Summary and Info
Literacy teaching tends to take a structural approach to language, focusing on concepts such as sounds, morphemes, words, sentences, and vocabulary. However, new research suggests that the majority of English speakers actually think and learn in visual terms, and that there is a cultural and linguistic mismatch between language teaching and language learning. This has important implications for educators of students with neurogenic disabilities, such as autism. In her new book, Dr. Ellyn Arwood outlines a revolutionary new four-tiered model of how a learner acquires language, and suggests ways to impose visual language functions onto language in order to assist both neurotypical learners and those with neurogenic disabilities, such as autism spectrum disorders and ADHD. Dr. Arwood provides tried-and-tested intervention strategies that can be used with such individuals at all levels, as well as tools for working effectively with those who think in terms of a visual, spatial, contextual kind of language. This book takes a fresh look at how language and literacy interact, and will be of interest to educators and special educators, speech and language pathologists, occupational therapists, and other professionals who support language learning and development.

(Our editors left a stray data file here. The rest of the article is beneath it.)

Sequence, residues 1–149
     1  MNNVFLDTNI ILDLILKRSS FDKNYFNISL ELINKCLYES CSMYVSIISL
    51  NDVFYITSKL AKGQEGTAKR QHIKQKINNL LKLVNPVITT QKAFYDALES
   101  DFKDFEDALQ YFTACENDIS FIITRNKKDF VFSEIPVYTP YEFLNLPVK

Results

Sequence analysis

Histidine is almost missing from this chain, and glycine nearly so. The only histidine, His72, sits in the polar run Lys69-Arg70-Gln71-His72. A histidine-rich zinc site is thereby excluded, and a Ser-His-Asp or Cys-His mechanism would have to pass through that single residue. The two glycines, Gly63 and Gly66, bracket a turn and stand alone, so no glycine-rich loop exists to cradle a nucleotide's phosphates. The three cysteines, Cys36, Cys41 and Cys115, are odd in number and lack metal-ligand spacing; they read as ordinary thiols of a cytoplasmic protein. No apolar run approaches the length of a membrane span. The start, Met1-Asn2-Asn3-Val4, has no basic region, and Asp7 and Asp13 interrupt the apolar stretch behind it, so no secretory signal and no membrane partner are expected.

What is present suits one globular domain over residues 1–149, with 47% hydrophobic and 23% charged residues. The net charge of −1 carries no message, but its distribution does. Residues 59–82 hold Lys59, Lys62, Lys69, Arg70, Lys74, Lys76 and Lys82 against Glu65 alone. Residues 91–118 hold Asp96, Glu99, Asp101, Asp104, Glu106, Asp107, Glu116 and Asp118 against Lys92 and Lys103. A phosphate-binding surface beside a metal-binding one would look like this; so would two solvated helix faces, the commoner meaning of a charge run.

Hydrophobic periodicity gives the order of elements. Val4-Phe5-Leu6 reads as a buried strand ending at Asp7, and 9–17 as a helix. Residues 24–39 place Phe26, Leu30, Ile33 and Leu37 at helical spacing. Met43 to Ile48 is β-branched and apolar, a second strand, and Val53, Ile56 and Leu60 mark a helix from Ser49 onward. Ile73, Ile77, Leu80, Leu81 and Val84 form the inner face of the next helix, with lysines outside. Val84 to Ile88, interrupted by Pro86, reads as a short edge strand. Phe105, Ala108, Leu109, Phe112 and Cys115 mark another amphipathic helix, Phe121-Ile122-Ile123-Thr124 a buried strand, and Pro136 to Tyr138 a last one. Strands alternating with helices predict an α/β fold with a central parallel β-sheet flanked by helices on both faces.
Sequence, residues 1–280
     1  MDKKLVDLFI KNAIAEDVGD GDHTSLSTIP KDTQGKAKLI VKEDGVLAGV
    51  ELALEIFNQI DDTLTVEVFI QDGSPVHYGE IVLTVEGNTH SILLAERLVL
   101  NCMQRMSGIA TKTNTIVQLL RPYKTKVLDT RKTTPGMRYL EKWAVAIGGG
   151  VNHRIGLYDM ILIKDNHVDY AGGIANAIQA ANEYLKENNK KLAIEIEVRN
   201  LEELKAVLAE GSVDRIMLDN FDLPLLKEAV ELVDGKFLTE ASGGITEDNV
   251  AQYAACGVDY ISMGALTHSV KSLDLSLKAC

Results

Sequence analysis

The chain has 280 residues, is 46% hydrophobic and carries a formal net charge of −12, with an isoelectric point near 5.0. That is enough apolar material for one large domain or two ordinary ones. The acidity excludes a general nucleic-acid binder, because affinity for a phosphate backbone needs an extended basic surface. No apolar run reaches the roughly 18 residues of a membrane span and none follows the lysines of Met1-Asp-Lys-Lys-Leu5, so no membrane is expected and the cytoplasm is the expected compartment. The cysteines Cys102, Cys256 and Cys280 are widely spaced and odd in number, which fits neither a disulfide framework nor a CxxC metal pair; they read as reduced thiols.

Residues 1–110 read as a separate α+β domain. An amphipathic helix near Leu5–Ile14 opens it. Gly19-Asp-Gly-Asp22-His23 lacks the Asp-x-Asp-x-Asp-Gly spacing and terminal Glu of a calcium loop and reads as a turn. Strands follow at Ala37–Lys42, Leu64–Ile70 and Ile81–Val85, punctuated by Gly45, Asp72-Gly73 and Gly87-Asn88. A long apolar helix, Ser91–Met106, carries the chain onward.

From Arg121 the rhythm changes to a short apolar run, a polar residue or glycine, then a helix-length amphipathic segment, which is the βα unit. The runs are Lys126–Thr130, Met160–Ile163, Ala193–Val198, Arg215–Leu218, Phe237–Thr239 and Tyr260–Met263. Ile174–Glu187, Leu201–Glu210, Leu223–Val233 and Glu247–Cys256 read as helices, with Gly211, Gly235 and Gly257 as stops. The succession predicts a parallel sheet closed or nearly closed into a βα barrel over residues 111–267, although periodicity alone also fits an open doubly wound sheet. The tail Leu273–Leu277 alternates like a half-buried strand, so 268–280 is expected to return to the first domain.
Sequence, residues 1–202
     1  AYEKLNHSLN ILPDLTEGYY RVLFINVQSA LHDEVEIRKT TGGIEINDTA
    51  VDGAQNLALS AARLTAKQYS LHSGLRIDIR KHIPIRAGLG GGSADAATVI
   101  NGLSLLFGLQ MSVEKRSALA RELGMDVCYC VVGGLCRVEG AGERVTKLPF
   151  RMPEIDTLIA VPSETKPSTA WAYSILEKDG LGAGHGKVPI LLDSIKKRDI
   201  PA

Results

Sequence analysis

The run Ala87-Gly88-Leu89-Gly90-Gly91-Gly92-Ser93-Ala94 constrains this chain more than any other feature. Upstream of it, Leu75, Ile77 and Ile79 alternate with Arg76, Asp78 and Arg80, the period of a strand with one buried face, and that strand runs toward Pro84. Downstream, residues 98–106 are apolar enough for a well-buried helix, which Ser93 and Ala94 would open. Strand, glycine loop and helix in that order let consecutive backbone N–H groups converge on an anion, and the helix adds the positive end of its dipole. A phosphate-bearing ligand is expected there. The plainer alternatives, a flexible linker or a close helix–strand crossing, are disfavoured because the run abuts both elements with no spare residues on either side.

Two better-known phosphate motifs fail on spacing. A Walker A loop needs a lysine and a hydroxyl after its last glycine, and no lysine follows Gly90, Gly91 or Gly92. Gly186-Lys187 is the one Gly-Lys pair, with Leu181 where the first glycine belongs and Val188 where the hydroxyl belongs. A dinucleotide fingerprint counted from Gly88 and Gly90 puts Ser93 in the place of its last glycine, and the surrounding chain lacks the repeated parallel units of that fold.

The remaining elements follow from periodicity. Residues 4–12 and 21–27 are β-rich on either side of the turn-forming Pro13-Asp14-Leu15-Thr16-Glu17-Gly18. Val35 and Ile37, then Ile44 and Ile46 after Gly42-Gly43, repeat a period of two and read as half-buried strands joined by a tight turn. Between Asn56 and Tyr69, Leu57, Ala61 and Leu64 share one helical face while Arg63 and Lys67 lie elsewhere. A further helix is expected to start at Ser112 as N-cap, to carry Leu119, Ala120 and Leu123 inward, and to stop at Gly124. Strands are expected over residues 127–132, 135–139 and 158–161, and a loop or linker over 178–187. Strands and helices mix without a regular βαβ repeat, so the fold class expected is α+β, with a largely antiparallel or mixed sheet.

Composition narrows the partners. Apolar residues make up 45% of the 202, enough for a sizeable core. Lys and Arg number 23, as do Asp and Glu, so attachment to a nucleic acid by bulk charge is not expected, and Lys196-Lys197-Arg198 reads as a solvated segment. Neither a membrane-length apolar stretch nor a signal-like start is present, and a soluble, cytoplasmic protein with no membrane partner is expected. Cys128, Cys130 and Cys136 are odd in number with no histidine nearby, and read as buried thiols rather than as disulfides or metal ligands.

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Language Function: An Introduction to Pragmatic Assessment and Intervention for Higher Order Thinking and Better Literacy 0 out of 5 stars based on 0 ratings.